• What is the SLC Program?

     

    The SLC, or Structured Learning Center, is a program in the Lake Stevens School District that helps students with either a diagnosed Autism Spectrum Disorder, or suspected Autism Spectrum Disorder, with academic, social, emotional, adaptive and communication needs in a self-contained classroom setting.  The program originally began in the fall of 1999 at Skyline Elementary to assist students in grades K-5.  Now, in 2022,  the program has extended to all levels, preschool through 12th grade.  SLC classrooms are located at the Early Learning Center, Skyline, Highland, Lake Stevens Middle School, Cavelero and Lake Stevens High School.  The SLC at Highland started 4 years ago, when the program at Skyline became too large.  The elementary SLC program consists of 63 students in  6 classrooms across the 2 schools.  Many of our students attend a general education classroom for some or all of their day, with and without extra support from a paraeducator.  Other students spend the majority of their day within the SLC classroom but attend recess with their general education peers.  Highland families, teachers and students have been incredibly welcoming as well as curious about our program, so here is a little more information for you!

    Autism, or Autism Spectrum Disorder (ASD), refers to a broad range of conditions characterized by challenges with social skills, repetitive behaviors, sensory processing disorders, speech, and communication difficulties.  According to the Centers for Disease Control, autism affects an estimated 1 in 59 children in the United States today.

    We know that there is not one form of  ASD  but many subtypes, most influenced by a combination of genetic and environmental factors. Because Autism is a spectrum disorder, each person with autism has a distinct set of strengths and challenges. There is a saying, “If you have met one person on the Autism Spectrum, you have met ONE person on the Autism Spectrum.” The ways in which people with autism learn, think and problem-solve can range from highly skilled to severely challenged. Some people with ASD may require significant support in their daily lives, while others may need less support and, in some cases, live entirely independently.   Research has made clear that high quality early intervention can improve learning, communication and social skills, as well as underlying brain  development.

    Processing sensory input (touch, taste, smell, sound, etc) can be a challenge for people with ASD. Our SLC program takes sensory needs into consideration when planning each day.  A good analogy for sensory processing variation is to imagine processing power as a cup.  Some people have a small cup and only need a little sensory input to reach their capacity and anything above that can be overwhelming. People who have a bigger cup need more sensory input and may look for various ways to receive that input (spin, jump, crawl, roll, sing, etc).  In order to meet sensory needs, a variety of activities and levels of stimuli are beneficial to children with ASD, such as access to music, various tactile toys/textures, and equipment that lets them move their bodies in a variety of ways.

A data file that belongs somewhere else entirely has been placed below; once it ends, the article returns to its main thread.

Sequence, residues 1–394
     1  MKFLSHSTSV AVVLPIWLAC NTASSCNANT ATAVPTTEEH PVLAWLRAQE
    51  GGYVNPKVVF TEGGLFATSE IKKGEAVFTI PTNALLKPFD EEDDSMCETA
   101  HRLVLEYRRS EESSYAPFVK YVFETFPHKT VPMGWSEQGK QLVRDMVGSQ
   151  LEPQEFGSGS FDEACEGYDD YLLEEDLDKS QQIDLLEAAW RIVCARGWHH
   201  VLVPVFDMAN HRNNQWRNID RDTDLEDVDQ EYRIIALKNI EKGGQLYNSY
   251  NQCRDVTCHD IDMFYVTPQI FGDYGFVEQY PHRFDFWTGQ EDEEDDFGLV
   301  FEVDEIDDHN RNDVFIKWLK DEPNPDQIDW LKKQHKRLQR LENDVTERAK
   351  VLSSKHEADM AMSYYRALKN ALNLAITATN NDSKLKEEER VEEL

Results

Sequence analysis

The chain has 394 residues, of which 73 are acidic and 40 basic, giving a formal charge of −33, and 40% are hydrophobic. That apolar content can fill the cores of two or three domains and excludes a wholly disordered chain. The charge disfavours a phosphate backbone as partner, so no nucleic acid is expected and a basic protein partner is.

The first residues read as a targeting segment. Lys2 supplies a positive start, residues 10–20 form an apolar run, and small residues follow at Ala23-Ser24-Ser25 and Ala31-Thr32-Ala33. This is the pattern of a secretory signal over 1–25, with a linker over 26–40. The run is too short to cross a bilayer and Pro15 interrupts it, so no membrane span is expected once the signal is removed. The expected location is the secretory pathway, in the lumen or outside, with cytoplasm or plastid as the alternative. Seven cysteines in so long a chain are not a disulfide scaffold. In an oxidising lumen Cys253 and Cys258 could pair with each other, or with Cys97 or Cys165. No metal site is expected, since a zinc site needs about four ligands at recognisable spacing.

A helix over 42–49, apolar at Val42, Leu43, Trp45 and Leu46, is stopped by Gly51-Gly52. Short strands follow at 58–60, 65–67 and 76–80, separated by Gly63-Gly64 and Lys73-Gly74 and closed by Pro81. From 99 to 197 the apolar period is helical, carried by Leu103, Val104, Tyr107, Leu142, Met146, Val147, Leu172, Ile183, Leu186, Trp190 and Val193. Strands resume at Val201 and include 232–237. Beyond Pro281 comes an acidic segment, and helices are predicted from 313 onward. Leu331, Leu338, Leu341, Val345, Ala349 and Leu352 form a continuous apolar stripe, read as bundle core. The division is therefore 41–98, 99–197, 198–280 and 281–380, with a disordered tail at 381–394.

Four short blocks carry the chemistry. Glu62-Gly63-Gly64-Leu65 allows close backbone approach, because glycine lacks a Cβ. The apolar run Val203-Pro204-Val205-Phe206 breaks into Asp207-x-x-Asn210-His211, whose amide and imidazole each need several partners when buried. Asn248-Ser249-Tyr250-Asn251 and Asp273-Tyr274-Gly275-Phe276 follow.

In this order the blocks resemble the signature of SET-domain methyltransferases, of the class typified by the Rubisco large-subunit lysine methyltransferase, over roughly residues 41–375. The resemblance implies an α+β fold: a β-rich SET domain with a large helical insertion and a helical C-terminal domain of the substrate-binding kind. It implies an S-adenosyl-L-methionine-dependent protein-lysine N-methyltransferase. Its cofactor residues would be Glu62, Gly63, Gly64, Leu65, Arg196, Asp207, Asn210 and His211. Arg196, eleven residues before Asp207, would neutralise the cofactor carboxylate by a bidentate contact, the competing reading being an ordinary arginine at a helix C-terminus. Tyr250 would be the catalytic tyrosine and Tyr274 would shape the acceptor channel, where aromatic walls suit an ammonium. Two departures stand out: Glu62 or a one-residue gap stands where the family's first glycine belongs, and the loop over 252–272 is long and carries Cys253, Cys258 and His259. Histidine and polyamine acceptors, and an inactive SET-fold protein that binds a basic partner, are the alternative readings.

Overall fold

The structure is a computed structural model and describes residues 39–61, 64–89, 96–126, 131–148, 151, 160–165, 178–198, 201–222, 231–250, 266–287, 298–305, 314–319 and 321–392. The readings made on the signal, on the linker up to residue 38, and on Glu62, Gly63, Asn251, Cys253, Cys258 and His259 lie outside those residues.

Our amazing PTA recently fundraised for new playground equipment and we, as SLC teachers, were very excited to be asked for our input, as many students, with or without ASD, benefit from movement and sensory activities.  Gross motor skills are important to enable children to perform everyday functions, such as walking and running, playground skills (e.g. climbing) and sporting skills (e.g. catching, throwing and hitting a ball with a bat).  However, these are also crucial for everyday self-care skills like dressing (where you need to be able to stand on one leg to put your leg into a pant leg without falling over) and climbing into and out of a car or even getting into and out of bed.

    Gross motor abilities also have an influence on other everyday functions. For example, a child’s ability to maintain an appropriate table top posture (upper body support) will affect their ability to participate in fine motor skills (e.g. writing, drawing and cutting) and sitting upright to attend to class instruction, which then impacts their academic learning. Gross motor skills impact a child’s endurance to cope with a full day of school (sitting upright at a desk, moving between classrooms, carrying a backpack). They also impact the ability to navigate an environment (e.g. walking around classroom items such as a desk, up a sloped playground hill or to climb stairs).  And, finally, movement activities help ALL students work off energy, have fun with their peers  and enables them to return to the classroom setting able to focus on individual and group tasks. 

    If you have any questions about our SLC program or any of the Special Education Programs at Highland or in the Lake Stevens School District in general, please don’t hesitate to contact any of us.  We’d be more than happy to talk with you!